Fig. 2
figure2

Finite-element model of metal washer with a thickness of 2.3 mm and a side length of 40 mm (L: longitudinal, T: tangential, R: radial)

Table 1 Number of nodes and elements in each finite-element model

The bottom of the wood was fixed in all directions. The symmetric plane was fixed in the direction perpendicular to itself. The surface-to-surface contact condition was imposed on the bolt-to-washer and washer-to-wood interfaces, where the horizontal friction coefficients were 0.4 and 0.3, respectively [8, 13]. The augmented Lagrangian method was employed on the contact surface. In this method, penalty stiffness is used during the augmentation iteration to improve the accuracy of approximation. The penalty stiffness was set as 205000 MPa.

The metal washer and bolt were assumed as isotropic materials with isotropic linear elasticity, the von Mises yield criterion, and perfect elastoplasticity [14]. The Young’s modulus, Poisson’s ratio, and yield stress for the metal washer and bolt were denoted as E, v, and σy, respectively. Unlike the metal washer and bolt, the wood was assumed as an orthotropic material with orthogonal linear elasticity, Hill’s anisotropic yield criterion, and perfect elastoplasticity [15, 16]. The Hill’s anisotropic yield criterion has been frequently used in wooden material [6, 12, 17]. Subscripts L, R, and T were used to denote the properties of the wood in the longitudinal, radial, and tangential directions, respectively. For example, the Young’s moduli of the wood in the longitudinal, radial, and tangential directions were denoted as EL, ER, and ET, respectively. Hill’s anisotropic yield criterion used for the wood was as follows [16]:

$$f = \sqrt {F\left( {\sigma_{{{\text{RR}}}} - \sigma_{{{\text{TT}}}} } \right)^{2} + G\left( {\sigma_{{{\text{TT}}}} - \sigma_{{{\text{LL}}}} } \right)^{2} + H\left( {\sigma_{{{\text{LL}}}} - \sigma_{{{\text{RR}}}} } \right)^{2} + 2L\sigma_{{{\text{RT}}}}^{2} + 2M\sigma_{{{\text{TL}}}}^{2} + 2N\sigma_{{{\text{LR}}}}^{2} } - 1 \le 0$$
(1)

where

$$\begin{gathered} F = \frac{1}{2}\left( {\frac{1}{{\left( {\sigma_{{{\text{RR}}}}^{y} } \right)^{2} }} + \frac{1}{{\left( {\sigma_{{{\text{TT}}}}^{y} } \right)^{2} }} - \frac{1}{{\left( {\sigma_{{{\text{LL}}}}^{y} } \right)^{2} }}} \right),\;G = \frac{1}{2}\left( {\frac{1}{{\left( {\sigma_{{{\text{TT}}}}^{y} } \right)^{2} }} + \frac{1}{{\left( {\sigma_{{{\text{LL}}}}^{y} } \right)^{2} }} - \frac{1}{{\left( {\sigma_{{{\text{RR}}}}^{y} } \right)^{2} }}} \right) \hfill \\ H = \frac{1}{2}\left( {\frac{1}{{\left( {\sigma_{{{\text{LL}}}}^{y} } \right)^{2} }} + \frac{1}{{\left( {\sigma_{{{\text{RR}}}}^{y} } \right)^{2} }} - \frac{1}{{\left( {\sigma_{{{\text{TT}}}}^{y} } \right)^{2} }}} \right),\;L = \frac{3}{{2\left( {\sigma_{{{\text{RT}}}}^{y} } \right)^{2} }},\;M = \frac{3}{{2\left( {\sigma_{{{\text{TL}}}}^{y} } \right)^{2} }},\;N = \frac{3}{{2\left( {\sigma_{{{\text{LR}}}}^{y} } \right)^{2} }} \hfill \\ \end{gathered}$$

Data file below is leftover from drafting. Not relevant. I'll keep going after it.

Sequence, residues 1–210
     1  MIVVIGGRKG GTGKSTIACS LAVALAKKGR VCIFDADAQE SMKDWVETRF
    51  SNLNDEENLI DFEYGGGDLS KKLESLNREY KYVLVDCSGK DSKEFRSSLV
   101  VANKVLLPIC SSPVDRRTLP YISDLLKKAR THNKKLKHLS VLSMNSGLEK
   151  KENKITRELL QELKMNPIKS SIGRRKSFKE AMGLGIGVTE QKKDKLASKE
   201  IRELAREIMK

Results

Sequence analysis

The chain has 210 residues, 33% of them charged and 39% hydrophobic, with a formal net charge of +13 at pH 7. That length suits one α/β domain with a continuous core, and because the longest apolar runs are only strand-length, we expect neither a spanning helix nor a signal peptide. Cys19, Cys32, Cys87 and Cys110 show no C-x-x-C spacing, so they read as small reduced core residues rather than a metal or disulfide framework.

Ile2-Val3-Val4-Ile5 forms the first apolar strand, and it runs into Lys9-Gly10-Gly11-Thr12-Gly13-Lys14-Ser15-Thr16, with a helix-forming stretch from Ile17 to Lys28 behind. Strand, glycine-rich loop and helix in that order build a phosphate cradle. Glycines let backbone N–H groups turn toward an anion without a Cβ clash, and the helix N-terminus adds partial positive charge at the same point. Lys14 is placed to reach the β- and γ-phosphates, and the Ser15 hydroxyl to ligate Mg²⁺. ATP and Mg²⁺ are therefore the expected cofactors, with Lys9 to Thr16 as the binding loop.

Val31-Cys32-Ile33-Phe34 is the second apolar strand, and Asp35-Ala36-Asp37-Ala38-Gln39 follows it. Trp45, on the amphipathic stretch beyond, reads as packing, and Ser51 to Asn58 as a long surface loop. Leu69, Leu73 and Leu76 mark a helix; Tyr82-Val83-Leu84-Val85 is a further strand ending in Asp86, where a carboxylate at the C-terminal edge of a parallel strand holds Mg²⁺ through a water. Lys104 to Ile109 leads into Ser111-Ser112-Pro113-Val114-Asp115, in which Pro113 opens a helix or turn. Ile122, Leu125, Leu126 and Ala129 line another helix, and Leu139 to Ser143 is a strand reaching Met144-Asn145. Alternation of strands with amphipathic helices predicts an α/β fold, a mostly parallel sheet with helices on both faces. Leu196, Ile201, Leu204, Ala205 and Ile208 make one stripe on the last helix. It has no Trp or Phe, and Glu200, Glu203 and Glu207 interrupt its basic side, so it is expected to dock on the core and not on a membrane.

(2)

where\(\sigma_{ij}^{{}}\) is the stress tensor and \(\sigma_{ij}^{y}\) is the yield stress.

The material constants of the metal washer and bolt were assumed as the mechanical properties of SS400, which is a steel grade defined in the Japanese Industrial Standard. The Young’s modulus, Poisson’s ratio, and yield stress of the metal washer and bolt were taken from the literature [18]. The wood had three Young’s moduli, EL, ER, and ET, three shear moduli, GLT, GLR, and GRT, six Poisson’s ratios, vLT, vTL, vLR, vRL, vRT, and vTR, and six yield stresses, σyL, σyR, σyT, σyLT, σyLR, and σyRT. The Young’s modulus (ER) and yield stress (σyR) of the wood in the radial direction were obtained from the compressive test performed by Matsubara et al. [11]. The Young’s moduli in the other two directions and the shear moduli were calculated from ER using the following relationships for coniferous forests [19]:

EL:ER:ET = 22:2:1

$$G_\text{LR} :G_\text{LT} :G_\text{RT} \, = \,20: \, 17: \, 1$$

EL:GLR = 16.7:1:1

The yield stresses in the other two directions were determined by considering the tensile and shear tests results of Japanese cedar [20], and it was assumed that σyT is equal to σyR and σyLT is equal to σyLR and σyRT as shown in previous studies [6, 12, 21]. The Poisson’s ratio in each direction was obtained from the experimental results of Japanese cedar in literature [22]. The material constants of the bolt, metal washer, and wood are summarized in Tables 2 and 3, respectively. It should be noted that the assumptions of elastic modulus and yield stress were used conveniently; however, this may be inappropriate for some analyses which are sensitive to the material constants in each direction. Thus, the sensitivity of embedment behavior of this study to material constants was investigated as mentioned latter.

Table 2 Material constants of bolt and metal washer
Table 3 Material constants of wood

The three-dimensional FEA was carried out considering geometrical and material nonlinearity using Abaqus/Standard. The analysis was carried out sequentially on a single workstation with a dual 4-core CPU with a clock speed of 3.8 GHz and 96 GB RAM. The calculation time was approximately 24 h.

Results and discussion

Experimental results

As observed by Matsubara et al. [11], two types of deformation modes in the experiment were observed: the metal washer around the bolt hole partially bending and being embedded into the wood, and the entire metal washer being embedded into the wood. The former was observed in the washer with small thickness and long side length, i.e., low bending stiffness. The latter was observed in the washer with large thickness and short side length, i.e., high bending stiffness.